Can someone explain to me why it is worse for America to have a high national debt than it is to import most of its manufactured products? Why will a high national dept create Armageddon and why won’t importing most of our manufactured products create Armageddon.

    In short, how does the Tea Party differ from the cartoon character carrying the sign “The End is Near” ( Mad Magazine?). Has the Tea Party shifted from weird to reckless? If not, I’d like to them to explain why the high national debt is so much worse than the trade deficit.

    To go back to their household analogy, they’re trying to balance expenses and not picking up the want ads.

    • JimBob

      We are still the worlds largest manufacturer, but China is going to surpass us in the next couple of years I suspect.

      • nwahs

        But you didn’t answer the question. Why is the national debt more of a problem than our trade deficit? Please tell me why the national debt has to be solved yesterday, and the trade deficit can be put on a back burner. Explain it to me.

        I just have this uncomfortable feeling this is all about backdoor cuts to social security. Explain the error of my reasoning.

        • Xunzi Washington

          ^ + 1

          DING DING DING

          This is not about the deficit. This is “never let a crisis go to waste” when you can use one to try to destroy the social programs (a) your side doesn’t vote for, (b) that serve people who don’t mostly vote for you.

      • Rob_654

        The embrace of the Free Market is our savior will lead to the US losing its place in the world in global economic power.

        We are under some bizarre belief that what is good for big business is good for the United States while big business send American jobs overseas – we subsidize the jobs going overseas – we bring in H1B visa employees while US tech workers can’t find jobs, we allow these companies to skip out on taxes while enjoying the benefits of being American companies – and then we wonder what the hell is happening…

  • Raskolnik


    That is an excellent question and your point in the thread on the JWST is well taken. Simply put you are absolutely correct, the debt problem is largely abstract, of course a debt of 100% of GDP is unsustainable in the long run but in the short run it is the trade deficit with China and the corresponding loss of American jobs which is at the core of our current budgetary woes. Fix the trade deficit, fix the employment situation, and tax receipts take care of themselves.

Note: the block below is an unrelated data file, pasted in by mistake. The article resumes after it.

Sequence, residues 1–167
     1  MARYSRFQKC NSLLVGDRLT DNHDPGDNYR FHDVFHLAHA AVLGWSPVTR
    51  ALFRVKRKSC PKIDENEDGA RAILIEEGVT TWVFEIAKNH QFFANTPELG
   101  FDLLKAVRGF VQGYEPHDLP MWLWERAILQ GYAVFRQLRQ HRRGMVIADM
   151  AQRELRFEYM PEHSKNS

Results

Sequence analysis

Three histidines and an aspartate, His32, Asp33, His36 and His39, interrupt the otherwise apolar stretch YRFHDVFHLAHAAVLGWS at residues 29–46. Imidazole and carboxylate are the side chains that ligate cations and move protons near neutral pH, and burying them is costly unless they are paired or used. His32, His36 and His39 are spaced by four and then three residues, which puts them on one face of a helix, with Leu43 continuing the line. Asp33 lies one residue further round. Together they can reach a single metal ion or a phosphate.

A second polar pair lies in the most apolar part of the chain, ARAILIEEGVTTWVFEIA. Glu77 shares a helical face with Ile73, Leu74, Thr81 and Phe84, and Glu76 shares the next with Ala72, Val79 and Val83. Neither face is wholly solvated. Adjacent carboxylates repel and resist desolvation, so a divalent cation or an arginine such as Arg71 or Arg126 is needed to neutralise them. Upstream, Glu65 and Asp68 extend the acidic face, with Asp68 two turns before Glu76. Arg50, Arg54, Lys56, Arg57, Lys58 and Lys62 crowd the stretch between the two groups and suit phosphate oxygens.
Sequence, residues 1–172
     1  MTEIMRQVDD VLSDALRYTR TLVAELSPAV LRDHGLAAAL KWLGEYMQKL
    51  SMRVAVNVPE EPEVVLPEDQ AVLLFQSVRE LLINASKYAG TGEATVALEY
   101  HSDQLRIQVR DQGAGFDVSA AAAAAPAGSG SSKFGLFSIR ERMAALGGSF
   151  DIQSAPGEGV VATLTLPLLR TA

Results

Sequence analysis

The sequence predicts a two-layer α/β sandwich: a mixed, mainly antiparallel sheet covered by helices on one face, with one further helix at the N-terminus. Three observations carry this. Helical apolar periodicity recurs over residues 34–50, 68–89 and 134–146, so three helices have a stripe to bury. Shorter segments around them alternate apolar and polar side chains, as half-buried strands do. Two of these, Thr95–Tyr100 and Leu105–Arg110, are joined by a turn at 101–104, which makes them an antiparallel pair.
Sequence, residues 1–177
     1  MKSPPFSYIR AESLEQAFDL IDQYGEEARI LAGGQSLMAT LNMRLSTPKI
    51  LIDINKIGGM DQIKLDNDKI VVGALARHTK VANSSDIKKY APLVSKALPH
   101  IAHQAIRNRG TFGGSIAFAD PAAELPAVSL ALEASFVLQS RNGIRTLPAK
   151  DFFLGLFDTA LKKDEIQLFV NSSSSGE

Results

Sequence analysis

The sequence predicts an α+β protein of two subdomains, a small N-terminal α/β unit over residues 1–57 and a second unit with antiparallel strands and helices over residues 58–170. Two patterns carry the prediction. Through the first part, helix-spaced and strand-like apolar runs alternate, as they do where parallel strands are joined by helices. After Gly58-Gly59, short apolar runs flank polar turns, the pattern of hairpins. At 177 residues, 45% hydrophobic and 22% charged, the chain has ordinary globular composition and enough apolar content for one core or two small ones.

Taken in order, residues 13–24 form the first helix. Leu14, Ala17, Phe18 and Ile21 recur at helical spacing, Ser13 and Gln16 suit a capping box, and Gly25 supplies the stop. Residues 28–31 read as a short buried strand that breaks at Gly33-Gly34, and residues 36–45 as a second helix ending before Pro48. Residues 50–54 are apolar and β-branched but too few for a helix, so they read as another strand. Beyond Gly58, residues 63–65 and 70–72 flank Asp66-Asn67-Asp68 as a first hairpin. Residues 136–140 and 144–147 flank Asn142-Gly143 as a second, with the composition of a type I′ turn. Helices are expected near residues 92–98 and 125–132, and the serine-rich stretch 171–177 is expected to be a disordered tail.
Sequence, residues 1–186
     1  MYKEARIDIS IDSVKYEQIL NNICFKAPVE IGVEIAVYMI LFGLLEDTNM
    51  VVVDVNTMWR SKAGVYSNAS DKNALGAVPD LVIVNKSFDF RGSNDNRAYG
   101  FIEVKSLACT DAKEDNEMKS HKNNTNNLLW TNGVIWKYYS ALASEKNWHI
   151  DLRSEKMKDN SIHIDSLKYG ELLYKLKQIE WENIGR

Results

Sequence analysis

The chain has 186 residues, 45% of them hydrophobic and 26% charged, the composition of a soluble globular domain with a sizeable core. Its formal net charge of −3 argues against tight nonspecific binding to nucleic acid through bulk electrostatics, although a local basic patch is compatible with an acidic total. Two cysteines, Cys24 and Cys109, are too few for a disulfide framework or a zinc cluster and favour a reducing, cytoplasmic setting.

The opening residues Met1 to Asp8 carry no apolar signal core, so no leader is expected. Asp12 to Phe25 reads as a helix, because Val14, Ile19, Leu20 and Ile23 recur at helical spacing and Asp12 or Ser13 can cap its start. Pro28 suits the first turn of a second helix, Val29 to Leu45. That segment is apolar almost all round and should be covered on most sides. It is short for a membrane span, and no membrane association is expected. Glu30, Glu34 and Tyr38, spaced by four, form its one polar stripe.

I distinctly recall Speaker Boehner having said something about jobs, but for the life of me I can’t remember what it was.

    • nwahs

      Thanks. I don’t get it, and I don’t know why it isn’t being asked more. The fact that the trade deficit is completely ignored in serious talks about solving the national debt boggles my mind.

      Obviously, Greece can’t handle a national debt 100+% ( 108) of their GDP. But Japan manages a national debt of almost 200% of its GDP. Canada manages a debt of 72% of their GDP. Britain 69%.

      The United States debt is 53% of its GDP. To use the household analogy the Tea Party loves, its like an average American family having a debt of about $23,000. Not a great position to be in ( though I guarantee anyone with a mortgage has more debt than that), but certainly no reason to stop feeding grandma.

  • Xunzi Washington


    You said: “Slash spending across the board. Rein in the FED and turn off the printing press. The housing market needs to find bottom. Then and only then will it really recover.”

    Get specific. No childish bumpers stickers like “slash spending”. Slash it WHERE? Websites are all over the place that allow you to make the spending cuts to the budget to see if you can balance things out. Go give it a whirl, and tell us what you cut to balance the budget.